Recently, I observed a head coach of a team yell at a player “What are you doing? Stay focused!” Her player had not being paying attention and the player she was guarding ran by her with the ball and scored. A day later in a business meeting, I observed a CEO tell one of his executives “These numbers are not good. Just go get it done!” Both the coach and CEO, leaders, were right in “what” they said. I call them “What” leaders, not to be confused with “how” leaders.
Jerry Seinfeld has a show on Netflix “Comedians in cars getting coffee” where he has conversations with successful comedians. In a recent show with Dave Chapelle, he visited Dave’s high school in an under-privileged part of New York where a recent donation of $17 million dollars led to a significant upgrade to their performance arts theater. Both comics marveled at the facility as it looked like a state-of-art venue that resembled any high-end theater in a major city. Seinfeld asked a fascinating question on stage in awe of what he was seeing: How can someone great come out a place like this? As a coach of dozens of executives and CEOs of organizations, I can tell you it is a question eerily similar what they ask themselves anytime a disruptive competitor shows up in the market, seemingly from nowhere started in a garage with some broke folks: Why did this not come from our highly-funded innovation centers and inspiring off-site exotic locations where have our retreats?
As some on you know I work with professional athletes. I have drawn parallels between athletic performance and workplace performance for many years. The former presents a microcosm in one event of how workplace professionals perform per quarter or year or whenever they are ‘measured’ for their performance against business goals. One athlete I am working with had a tournament that started on a Friday. From a neuropsychology perspective, I helped her understand that her tournament actually starts 24-48 hours prior to Friday. Those 1-2 days are crucial emotionally and intellectually. On those two days, and this is covered in my books, it it critical to (1) do activities that you enjoy and (2) avoid activities/people that can make you unhappy. This “EQ Taper” allows athletes to fill their “EQ Tank” given that when Friday comes along, and knowing the inherent nature of competition is one of anxiety as mistakes can be severely consequential, so that the brain has enough front-loaded positivity (dopamine) to make it more difficult to get it to make poor decisions and perform poorly.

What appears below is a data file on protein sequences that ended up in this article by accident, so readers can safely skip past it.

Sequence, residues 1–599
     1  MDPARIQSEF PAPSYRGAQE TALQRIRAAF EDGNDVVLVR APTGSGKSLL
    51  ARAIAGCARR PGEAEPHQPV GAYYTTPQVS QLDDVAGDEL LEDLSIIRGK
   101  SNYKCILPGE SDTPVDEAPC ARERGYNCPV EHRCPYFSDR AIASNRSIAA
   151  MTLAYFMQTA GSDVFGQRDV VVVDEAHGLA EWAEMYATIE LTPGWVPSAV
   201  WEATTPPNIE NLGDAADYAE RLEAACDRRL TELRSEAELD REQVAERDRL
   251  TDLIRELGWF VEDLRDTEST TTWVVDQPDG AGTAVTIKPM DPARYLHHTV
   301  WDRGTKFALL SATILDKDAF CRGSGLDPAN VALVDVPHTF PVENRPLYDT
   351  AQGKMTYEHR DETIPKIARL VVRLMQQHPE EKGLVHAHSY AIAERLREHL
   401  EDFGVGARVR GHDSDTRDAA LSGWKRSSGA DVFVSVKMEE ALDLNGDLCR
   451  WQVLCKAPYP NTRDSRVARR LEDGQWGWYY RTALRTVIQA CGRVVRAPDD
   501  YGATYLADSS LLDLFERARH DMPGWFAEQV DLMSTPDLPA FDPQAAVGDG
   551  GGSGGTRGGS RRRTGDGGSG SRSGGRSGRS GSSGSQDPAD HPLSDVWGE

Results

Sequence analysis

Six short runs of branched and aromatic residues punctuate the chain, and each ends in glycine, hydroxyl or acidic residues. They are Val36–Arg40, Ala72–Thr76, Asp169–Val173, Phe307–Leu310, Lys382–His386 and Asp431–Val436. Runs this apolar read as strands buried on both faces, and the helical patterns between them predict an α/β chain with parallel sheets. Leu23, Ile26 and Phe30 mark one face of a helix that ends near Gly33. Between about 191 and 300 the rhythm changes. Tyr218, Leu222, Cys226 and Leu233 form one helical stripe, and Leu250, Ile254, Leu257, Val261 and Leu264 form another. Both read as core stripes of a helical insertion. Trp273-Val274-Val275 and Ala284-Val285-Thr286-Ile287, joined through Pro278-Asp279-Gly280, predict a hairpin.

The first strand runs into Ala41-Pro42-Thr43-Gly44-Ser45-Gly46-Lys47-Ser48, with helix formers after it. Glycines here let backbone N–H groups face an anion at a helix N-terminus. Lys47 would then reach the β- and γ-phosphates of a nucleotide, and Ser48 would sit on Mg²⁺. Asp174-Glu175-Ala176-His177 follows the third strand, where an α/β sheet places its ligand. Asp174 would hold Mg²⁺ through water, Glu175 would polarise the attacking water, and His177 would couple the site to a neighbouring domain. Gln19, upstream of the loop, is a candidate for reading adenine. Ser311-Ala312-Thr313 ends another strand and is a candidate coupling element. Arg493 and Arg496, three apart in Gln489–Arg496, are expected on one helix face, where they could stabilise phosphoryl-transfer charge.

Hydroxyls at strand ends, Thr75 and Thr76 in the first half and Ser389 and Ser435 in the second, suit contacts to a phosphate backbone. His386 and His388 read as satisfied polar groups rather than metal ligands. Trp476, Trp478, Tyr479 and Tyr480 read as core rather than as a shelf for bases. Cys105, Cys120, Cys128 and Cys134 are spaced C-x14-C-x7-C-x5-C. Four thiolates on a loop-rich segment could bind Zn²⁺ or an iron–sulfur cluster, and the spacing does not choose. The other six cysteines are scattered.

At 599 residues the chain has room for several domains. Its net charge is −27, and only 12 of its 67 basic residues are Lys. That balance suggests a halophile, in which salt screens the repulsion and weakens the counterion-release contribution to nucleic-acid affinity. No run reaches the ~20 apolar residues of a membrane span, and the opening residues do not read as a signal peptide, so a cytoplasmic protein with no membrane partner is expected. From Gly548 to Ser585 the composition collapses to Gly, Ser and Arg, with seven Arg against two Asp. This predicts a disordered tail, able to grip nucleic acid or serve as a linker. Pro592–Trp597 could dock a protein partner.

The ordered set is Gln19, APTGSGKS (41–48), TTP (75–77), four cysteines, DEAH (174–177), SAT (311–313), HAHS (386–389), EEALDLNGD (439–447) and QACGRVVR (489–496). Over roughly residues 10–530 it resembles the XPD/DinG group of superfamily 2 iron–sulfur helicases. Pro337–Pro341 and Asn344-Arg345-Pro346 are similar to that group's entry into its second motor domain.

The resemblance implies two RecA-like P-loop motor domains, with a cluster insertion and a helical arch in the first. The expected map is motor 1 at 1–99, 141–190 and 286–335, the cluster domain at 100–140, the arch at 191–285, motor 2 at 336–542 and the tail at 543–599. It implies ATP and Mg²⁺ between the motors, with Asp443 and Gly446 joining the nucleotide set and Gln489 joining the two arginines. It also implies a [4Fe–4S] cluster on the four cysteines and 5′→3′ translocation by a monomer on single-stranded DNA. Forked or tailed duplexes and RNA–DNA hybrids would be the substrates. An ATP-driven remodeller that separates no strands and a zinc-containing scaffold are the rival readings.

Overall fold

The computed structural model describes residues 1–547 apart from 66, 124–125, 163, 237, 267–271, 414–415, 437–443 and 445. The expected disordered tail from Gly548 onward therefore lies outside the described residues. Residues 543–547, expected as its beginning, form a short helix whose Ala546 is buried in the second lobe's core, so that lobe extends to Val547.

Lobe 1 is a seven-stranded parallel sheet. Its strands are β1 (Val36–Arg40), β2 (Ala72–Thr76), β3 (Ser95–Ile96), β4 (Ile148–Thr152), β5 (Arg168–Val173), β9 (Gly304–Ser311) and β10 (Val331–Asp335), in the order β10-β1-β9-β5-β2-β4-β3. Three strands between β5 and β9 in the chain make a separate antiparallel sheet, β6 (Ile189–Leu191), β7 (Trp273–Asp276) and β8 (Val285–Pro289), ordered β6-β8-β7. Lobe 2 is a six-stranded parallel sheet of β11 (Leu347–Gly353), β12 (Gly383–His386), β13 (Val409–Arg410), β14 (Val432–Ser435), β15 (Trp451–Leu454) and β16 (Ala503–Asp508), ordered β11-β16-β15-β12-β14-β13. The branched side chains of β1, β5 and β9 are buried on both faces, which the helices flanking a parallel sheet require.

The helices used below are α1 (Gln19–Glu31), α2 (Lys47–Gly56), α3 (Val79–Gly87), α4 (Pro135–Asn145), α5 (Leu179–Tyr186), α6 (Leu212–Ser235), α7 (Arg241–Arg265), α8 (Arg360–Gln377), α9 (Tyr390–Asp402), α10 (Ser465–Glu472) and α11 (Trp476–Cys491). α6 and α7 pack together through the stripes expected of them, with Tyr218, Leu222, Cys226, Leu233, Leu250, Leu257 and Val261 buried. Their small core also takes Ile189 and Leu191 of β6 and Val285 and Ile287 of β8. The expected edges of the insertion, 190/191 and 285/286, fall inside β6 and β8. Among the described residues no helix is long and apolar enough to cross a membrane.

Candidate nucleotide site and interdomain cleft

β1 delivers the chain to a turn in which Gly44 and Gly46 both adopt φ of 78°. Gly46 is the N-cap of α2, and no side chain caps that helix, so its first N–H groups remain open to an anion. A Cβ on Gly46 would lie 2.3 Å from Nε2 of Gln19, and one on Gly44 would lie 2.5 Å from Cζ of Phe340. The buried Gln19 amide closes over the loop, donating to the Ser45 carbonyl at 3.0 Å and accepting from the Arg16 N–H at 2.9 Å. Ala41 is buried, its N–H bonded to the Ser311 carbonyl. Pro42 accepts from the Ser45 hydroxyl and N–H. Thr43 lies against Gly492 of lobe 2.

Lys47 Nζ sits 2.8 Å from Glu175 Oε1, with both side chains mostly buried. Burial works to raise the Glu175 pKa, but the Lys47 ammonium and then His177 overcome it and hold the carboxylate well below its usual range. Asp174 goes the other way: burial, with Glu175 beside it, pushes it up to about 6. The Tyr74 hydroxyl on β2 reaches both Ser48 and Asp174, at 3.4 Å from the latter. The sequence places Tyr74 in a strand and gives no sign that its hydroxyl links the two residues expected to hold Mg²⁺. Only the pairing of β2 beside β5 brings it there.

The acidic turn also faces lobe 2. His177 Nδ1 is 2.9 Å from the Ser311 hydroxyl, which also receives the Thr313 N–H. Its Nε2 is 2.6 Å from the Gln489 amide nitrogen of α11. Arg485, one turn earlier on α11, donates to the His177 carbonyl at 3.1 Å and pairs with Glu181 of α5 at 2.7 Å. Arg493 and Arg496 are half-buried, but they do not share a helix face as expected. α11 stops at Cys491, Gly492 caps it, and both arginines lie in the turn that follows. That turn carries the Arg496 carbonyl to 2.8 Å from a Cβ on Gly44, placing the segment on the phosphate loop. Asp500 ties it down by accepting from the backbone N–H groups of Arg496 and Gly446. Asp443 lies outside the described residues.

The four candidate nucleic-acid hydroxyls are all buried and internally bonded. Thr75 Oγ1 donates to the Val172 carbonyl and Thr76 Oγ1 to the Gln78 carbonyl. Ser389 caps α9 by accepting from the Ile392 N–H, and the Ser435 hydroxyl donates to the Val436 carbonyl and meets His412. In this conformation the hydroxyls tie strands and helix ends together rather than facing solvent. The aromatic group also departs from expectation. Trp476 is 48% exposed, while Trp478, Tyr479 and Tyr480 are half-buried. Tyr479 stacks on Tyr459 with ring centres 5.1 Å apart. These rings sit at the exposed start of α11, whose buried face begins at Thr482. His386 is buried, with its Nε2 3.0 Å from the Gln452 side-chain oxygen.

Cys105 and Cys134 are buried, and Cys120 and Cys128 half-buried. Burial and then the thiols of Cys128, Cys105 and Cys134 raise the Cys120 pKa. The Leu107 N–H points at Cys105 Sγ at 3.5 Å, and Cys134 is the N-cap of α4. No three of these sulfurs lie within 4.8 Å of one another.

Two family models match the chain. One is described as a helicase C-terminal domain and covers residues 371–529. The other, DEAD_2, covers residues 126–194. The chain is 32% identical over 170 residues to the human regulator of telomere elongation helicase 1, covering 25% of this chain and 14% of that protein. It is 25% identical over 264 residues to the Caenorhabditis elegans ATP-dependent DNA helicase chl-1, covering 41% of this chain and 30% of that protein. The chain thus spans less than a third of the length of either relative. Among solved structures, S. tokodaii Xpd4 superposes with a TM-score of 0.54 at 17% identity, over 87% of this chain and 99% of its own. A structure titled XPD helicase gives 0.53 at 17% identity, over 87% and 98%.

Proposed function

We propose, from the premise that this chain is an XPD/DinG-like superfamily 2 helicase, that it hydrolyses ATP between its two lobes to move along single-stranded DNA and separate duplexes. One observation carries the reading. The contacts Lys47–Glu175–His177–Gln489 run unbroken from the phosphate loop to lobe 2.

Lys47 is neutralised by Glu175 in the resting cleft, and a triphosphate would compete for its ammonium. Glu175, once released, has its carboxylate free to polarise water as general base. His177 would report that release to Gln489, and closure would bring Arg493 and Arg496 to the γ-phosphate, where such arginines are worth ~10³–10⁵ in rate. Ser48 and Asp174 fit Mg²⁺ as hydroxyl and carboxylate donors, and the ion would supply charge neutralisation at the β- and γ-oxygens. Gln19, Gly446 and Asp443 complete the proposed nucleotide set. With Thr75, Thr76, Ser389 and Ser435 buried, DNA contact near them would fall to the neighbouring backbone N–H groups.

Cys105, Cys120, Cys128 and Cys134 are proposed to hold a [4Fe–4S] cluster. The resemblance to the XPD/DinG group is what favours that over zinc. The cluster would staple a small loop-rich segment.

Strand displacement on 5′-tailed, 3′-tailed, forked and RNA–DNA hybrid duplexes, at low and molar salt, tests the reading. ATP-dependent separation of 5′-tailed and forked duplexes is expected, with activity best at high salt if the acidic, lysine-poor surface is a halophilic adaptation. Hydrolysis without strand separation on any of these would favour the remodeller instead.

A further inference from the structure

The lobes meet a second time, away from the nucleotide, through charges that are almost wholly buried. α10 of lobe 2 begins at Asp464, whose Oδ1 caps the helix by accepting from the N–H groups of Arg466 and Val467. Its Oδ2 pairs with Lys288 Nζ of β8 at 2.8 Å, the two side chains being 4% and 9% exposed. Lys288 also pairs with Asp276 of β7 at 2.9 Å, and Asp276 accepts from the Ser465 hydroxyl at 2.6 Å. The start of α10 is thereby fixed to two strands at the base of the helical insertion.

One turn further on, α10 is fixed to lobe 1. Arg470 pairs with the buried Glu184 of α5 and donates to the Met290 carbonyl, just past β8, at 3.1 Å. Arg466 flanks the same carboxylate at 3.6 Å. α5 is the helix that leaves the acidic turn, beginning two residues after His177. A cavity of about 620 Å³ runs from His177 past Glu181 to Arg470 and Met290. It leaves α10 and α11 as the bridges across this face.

It is tough to aim at a moving target. It is tough being a parent to growing children. One moment you might be baby-talking and just like that, you might be using complete sentences, and not much later, you might be discussing politics and the meaning of life with them. As a parent, it is a ton easier to see the intellectual growth in children because it is accompanied with physical growth and major milestones such as walking, talking, first day at school, graduating high school, college and getting married. It is a ton harder to see our own growth because the milestones are not so obvious as adults and often associated with those of our loved ones more so than our own. It is normal to not recognize that we have changed too. The things that made us happy in our 30s might be different that those that make us happy in our 50s. That lack of recognition of our growth, and the causes of that growth from positive and negative experiences, can limit our understanding of how our brain is processing current experiences.